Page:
Students call for increased Coffman security

Security guards are not assigned to patrol Coffman Union.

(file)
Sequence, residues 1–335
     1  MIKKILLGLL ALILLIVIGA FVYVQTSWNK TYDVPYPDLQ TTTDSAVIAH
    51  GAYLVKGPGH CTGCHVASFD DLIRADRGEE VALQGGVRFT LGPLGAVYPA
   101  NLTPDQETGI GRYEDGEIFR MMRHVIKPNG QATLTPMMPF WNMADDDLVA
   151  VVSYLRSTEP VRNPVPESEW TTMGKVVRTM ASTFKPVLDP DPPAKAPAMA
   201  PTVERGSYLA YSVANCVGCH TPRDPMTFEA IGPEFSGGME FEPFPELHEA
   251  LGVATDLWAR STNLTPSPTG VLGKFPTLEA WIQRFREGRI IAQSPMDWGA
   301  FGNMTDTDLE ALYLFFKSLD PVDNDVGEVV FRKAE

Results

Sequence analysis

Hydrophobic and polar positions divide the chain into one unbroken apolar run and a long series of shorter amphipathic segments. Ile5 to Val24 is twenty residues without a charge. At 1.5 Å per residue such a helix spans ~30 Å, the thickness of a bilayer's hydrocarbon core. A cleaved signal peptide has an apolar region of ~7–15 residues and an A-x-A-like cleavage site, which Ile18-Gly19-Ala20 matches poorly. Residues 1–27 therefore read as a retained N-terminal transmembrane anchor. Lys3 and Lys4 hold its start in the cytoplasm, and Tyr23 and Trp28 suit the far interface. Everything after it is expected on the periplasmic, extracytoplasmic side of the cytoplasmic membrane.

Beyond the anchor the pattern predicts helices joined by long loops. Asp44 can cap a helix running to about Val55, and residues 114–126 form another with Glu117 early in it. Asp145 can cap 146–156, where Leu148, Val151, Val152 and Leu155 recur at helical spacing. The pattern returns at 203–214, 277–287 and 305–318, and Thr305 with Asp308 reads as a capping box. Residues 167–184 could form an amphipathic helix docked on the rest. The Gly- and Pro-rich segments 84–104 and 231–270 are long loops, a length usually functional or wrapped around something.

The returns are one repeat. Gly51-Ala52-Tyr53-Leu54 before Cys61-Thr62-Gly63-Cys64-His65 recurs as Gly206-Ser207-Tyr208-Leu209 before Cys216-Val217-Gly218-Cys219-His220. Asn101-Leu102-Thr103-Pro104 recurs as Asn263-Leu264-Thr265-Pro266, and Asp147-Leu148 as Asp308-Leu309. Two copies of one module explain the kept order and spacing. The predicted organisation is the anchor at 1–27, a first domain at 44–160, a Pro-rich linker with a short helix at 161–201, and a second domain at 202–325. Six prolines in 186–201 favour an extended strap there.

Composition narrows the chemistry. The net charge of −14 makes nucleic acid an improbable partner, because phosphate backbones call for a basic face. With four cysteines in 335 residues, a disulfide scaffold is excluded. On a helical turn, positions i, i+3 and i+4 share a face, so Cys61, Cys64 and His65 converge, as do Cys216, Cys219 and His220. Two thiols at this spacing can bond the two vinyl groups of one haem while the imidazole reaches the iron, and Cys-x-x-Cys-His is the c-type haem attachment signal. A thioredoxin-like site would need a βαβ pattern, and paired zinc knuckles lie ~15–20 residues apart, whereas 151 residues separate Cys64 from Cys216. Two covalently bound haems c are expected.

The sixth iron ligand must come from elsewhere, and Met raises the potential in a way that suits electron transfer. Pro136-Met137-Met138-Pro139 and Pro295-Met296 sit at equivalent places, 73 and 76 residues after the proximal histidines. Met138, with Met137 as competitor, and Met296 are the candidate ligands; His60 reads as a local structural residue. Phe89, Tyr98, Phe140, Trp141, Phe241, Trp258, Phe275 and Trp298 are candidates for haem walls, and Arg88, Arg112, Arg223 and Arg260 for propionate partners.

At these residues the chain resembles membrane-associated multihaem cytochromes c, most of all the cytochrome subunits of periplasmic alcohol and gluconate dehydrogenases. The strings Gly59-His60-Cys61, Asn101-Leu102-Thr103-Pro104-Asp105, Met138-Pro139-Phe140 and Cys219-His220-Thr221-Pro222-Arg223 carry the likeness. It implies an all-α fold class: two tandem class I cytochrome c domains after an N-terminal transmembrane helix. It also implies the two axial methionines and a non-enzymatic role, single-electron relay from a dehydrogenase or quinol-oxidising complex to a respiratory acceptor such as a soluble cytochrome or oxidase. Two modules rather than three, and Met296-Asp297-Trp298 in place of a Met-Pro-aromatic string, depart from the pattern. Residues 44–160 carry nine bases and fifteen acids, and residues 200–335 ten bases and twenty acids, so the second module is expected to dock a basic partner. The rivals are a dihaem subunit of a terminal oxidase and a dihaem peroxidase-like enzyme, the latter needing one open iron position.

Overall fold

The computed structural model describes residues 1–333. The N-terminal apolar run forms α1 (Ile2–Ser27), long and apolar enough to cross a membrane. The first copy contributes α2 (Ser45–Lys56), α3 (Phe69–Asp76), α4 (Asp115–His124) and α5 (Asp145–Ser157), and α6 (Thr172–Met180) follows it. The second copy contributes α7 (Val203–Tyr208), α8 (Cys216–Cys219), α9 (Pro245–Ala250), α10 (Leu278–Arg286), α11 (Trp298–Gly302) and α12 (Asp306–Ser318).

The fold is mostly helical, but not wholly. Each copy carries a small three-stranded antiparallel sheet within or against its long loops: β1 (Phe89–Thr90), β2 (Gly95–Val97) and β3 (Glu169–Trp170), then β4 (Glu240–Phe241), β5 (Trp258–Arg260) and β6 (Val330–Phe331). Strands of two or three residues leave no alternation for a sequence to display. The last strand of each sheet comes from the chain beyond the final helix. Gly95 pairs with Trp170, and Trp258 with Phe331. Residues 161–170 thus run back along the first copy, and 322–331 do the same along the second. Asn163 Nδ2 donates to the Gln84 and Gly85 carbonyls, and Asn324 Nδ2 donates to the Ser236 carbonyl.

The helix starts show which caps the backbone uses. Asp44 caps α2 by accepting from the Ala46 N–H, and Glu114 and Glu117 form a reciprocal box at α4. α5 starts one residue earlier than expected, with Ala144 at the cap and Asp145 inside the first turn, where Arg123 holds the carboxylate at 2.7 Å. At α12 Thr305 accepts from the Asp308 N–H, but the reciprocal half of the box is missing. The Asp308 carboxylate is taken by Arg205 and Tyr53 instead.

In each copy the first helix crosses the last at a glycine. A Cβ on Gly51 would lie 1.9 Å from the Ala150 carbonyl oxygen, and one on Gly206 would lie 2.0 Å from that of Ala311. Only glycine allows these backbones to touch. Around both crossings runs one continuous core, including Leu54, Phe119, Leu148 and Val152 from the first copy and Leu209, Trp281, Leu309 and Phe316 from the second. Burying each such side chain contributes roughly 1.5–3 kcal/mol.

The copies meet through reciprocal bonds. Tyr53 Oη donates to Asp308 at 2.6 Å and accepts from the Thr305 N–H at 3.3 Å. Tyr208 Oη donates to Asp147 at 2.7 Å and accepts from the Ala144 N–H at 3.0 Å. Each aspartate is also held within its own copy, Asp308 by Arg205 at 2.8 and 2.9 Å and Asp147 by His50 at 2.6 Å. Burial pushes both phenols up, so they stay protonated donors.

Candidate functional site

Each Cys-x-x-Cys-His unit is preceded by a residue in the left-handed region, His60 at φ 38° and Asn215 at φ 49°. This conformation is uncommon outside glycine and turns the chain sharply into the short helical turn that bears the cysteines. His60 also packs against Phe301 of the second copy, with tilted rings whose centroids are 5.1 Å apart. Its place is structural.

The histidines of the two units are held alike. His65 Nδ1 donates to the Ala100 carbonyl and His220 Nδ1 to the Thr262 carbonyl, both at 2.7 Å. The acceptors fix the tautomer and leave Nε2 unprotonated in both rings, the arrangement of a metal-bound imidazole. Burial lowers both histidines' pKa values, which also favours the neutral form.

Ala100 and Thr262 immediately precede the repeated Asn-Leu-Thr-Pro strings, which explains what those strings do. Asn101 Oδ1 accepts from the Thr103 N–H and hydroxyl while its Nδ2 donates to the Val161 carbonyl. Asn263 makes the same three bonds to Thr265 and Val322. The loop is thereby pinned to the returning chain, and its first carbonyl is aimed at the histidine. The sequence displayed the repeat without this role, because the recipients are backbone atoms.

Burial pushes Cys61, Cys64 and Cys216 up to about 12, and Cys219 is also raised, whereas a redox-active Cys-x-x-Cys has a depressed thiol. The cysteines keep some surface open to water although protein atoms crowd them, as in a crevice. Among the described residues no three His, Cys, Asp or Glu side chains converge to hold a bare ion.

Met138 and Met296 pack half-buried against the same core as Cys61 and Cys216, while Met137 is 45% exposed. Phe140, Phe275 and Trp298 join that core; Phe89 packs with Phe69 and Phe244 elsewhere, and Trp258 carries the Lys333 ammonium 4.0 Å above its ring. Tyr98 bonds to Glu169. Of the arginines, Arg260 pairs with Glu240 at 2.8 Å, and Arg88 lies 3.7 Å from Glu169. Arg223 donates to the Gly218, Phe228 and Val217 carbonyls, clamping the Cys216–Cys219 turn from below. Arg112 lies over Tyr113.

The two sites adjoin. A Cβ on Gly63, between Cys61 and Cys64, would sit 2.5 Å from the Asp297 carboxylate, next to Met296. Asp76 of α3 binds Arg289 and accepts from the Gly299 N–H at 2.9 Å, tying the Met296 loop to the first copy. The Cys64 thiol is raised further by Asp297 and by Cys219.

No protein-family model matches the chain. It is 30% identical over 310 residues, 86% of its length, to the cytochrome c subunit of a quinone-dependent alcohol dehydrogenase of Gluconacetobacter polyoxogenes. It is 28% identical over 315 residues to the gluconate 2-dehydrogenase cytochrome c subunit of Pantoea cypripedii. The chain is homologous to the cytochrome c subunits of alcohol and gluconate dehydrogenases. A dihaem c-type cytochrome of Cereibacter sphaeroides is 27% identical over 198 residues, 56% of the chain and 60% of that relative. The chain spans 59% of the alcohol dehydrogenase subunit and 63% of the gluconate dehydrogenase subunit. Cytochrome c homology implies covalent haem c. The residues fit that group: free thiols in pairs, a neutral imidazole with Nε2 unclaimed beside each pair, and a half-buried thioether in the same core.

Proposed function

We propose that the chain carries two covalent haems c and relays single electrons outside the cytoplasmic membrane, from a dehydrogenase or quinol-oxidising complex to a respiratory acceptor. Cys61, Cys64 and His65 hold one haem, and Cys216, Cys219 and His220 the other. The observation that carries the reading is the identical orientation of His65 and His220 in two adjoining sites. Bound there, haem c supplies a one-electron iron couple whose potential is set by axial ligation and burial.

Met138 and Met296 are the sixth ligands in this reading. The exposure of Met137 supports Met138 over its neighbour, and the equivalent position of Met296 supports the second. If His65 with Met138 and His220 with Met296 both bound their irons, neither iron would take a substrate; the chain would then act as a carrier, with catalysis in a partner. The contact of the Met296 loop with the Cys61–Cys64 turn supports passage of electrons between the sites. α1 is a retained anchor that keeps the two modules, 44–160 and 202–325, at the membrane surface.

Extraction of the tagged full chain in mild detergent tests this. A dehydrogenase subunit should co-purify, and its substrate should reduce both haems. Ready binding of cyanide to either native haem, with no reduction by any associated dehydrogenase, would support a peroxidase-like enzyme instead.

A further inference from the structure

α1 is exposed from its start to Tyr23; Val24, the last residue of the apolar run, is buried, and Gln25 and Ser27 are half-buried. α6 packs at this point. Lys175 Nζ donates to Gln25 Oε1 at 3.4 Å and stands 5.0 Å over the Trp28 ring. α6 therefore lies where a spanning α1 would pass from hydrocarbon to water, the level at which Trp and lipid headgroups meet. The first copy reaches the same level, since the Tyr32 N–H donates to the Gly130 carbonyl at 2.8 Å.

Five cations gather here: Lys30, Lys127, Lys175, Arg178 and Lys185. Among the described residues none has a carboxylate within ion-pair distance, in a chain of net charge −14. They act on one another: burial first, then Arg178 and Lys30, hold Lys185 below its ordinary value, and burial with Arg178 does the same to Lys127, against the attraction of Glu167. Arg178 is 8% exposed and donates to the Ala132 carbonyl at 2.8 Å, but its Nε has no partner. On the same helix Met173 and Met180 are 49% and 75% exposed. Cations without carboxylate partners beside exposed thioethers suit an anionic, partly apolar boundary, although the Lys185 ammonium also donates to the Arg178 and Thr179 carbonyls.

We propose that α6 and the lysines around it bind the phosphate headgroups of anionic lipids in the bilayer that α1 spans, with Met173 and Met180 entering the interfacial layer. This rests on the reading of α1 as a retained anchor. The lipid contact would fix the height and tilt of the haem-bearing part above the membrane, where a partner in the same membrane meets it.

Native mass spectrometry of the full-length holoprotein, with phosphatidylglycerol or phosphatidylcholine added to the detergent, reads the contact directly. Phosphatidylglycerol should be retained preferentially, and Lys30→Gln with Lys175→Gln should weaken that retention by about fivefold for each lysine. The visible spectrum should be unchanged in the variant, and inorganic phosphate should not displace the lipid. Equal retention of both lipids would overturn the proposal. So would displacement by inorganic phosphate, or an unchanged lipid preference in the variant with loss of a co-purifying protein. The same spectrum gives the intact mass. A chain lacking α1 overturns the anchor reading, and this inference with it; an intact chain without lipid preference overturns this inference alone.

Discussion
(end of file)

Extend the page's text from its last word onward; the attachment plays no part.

Since February, University of Minnesota police have filed reports for trespassing, theft, burglary, public intoxication and assault in Coffman Union. Few of the crimes were caught during the act because no security guards are assigned to patrol Coffman. A number of student groups that have their offices on CoffmanâÄôs second floor are calling for extra security. Since the beginning of the academic year, 10 of 14 student groups informally surveyed by the Daily that have offices on the second floor of Coffman have been victims of theft or burglary. University police have reported three cases of theft and one burglary in the past 17 days. Bharat Student Group , who shares an office with three other groups, has been battling problems caused by the theft of a group checkbook from an office desk in November that incurred more than $2,000 in costs. The group discovered the checkbook had been stolen last week. Officers of the Middle Eastern Student Association were victims of theft Saturday Feb. 14, when a person climbed over dividing walls on the second floor of Coffman into their offices, association Secretary Murid Amini said. The thief made off with a laptop computer and two iPods, according to the police report. Kaitlin Johnson, a staff member for the Graduate and Professional Student Assembly , said she has never seen security on patrol on the second floor. Johnson feels that increased security oversight is necessary to monitor some activity that happens in the hallways. âÄúI think that a more visual presence could make it a little more pleasant around here,âÄù Johnson said. âÄúThe only people that have poked their heads around here that IâÄôve noticed are people taking a head count once in a while to see how the office space is being used.âÄù Lauren Hayden, Campus Atheists, Skeptics and Humanists co-chair , also said she thinks Coffman should have security patrolling around the student group offices. âÄúIf [security] made rounds through the offices more frequently, I think people would learn to expect them,âÄù Hayden said. The University does not feel that a security patrol is needed in Coffman because there are large numbers of University departments and facilities staff in and around the building, and they are encouraged to call and report crime, Security Monitor Program Manager Ben Schnabel said. Unarmed student security guards are on campus patrol every night, but Coffman isnâÄôt a mandatory patrol route, Schnabel said. âÄúWe have between probably seven and fifteen people that are dedicated to general campus patrols,âÄù Schnabel said. âÄúThose people may patrol through Coffman at night, and they may not.âÄù Police officers are contracted to oversee large events, such as events in the Great Hall or concerts in the Whole Music Club , located in the Coffman basement, Schnabel said. He emphasized that student organizations must take responsibility for locking their offices, because nobody checks for them. Student groups that are located in common office areas have to share a security access code with other groups, which make several organization leaders uneasy. Bharat Student Group President Vidhya Venugopal said that theft problems have forced the code to be changed numerous times. âÄúYou always need a door code to get in [to the common area], but I think itâÄôs pretty widely circulated,âÄù Hayden said. Schnabel said that the security monitor program would be willing to consider having assigned patrols on the second floor.